Actually, it is less than accurate to characterize Quayle's origins as ``nowhere.'' While it is true that he grew up in a small community in Indiana, he also grew up in a family that controls one of the country's largest publishing fortunes.
Nor could Quayle ever have been characterized as a ``failure'' from which he could become a shining ``success'' - at least, not in the sense that, say, Harry Truman became President after bankrupting himself as a haberdasher. Graced with a handsome face, a winning personality, and wealthy parents, Quayle himself admits to having led a charmed life, once telling an interviewer that the only thing he could recall ever losing was an election at a college fraternity.
Indeed, Quayle's childhood sounds like a full season of ``Mayberry, R.F.D.,'' except that Mayberry never had a family like the Quayles that controlled a trust estimated by Forbes magazine at $650 million. In any event, Quayle's Mayberry was the town of Huntington, Ind. - reasonably conservative, mostly white, mostly protestant, mostly middle-class. Like their neighbors, the Lian church.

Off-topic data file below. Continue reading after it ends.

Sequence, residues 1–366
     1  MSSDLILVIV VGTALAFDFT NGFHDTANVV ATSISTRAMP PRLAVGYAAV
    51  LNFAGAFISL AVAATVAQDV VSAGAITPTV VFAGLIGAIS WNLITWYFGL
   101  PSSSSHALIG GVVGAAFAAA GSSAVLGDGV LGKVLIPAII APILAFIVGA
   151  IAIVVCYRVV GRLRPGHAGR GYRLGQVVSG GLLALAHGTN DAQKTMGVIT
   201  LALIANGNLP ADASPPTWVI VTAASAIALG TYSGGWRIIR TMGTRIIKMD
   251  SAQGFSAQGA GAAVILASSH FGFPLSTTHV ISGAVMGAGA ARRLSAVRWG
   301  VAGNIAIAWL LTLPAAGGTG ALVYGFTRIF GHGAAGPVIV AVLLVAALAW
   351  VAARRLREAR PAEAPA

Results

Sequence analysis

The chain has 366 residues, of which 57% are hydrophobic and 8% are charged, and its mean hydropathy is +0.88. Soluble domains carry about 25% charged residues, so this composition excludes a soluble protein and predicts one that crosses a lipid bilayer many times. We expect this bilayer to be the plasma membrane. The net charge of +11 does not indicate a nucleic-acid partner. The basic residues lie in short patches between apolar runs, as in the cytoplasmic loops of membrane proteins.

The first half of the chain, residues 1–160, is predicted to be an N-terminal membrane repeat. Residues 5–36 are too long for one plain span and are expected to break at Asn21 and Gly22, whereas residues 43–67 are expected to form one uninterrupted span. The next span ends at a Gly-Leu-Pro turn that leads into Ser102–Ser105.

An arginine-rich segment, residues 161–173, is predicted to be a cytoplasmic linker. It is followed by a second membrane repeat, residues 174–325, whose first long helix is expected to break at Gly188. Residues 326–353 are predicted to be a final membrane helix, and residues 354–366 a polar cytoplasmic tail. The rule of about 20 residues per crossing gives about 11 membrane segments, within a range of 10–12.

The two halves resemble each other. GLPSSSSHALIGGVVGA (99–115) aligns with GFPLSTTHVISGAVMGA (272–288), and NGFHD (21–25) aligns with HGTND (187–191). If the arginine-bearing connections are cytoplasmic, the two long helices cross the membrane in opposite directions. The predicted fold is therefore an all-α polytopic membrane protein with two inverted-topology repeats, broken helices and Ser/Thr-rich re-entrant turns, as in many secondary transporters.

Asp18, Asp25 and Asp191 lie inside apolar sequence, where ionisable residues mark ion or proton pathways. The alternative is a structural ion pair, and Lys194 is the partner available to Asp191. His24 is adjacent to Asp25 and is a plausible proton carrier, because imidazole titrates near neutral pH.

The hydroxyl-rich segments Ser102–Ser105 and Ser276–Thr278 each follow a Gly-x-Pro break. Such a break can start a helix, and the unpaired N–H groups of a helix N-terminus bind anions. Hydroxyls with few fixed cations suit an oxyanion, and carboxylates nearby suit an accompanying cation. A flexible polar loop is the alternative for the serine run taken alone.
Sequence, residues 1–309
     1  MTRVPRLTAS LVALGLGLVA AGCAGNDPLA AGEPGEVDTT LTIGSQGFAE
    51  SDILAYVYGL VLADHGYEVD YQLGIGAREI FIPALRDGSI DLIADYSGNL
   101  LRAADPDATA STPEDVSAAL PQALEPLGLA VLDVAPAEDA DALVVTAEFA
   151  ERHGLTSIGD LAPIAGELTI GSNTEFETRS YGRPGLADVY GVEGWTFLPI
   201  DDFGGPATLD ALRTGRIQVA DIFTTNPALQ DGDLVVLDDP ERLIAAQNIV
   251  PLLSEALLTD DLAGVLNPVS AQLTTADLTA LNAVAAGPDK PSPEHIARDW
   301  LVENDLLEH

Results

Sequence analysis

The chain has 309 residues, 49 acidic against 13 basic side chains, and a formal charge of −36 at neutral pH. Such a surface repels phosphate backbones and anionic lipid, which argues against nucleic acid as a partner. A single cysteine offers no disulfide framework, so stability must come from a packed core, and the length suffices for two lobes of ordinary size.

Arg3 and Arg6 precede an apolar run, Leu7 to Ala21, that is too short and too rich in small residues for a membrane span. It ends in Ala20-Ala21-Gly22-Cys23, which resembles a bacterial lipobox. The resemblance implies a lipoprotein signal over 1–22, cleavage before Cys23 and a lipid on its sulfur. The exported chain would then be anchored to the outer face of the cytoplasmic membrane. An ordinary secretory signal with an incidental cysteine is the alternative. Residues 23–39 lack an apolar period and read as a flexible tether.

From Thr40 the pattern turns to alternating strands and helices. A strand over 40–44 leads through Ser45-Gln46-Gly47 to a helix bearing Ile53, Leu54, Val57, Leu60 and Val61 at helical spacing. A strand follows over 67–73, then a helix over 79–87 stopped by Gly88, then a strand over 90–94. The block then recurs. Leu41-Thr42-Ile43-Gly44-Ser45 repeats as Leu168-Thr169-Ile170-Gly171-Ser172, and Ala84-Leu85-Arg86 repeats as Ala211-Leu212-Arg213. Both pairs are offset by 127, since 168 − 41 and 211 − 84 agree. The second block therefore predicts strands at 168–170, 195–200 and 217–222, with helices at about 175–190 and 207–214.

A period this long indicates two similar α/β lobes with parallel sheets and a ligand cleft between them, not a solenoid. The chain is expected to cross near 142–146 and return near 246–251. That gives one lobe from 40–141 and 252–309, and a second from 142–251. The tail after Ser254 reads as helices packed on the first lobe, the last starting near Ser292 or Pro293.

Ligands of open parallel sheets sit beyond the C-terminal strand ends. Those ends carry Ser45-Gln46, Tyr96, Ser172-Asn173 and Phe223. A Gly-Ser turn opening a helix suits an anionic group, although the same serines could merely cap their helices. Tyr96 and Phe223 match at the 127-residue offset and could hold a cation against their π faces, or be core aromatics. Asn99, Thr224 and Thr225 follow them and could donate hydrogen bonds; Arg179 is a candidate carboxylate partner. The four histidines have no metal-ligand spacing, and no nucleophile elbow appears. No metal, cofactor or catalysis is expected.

Quayle's elementary school principal, Everett Goshorn, describes him as a ``bright youngster,'' a toe-head kid who liked to run through the fields and ice skate on the pond. In high school, Quayle was on the golf team and wrote for the school paper. He met his wife at Indiana University law school. Naturally enough, he was being groomed for the newspaper business. Politics was never a consideration.
Until 1976, that is. That year, the local Republican candidate for the House unexpectedly dropped out of the race. Party regulars, left casting about for an available alternative, asked Quayle, who was then working as the associate editor of the Huntington Herald-Press, to run. Quayle said yes.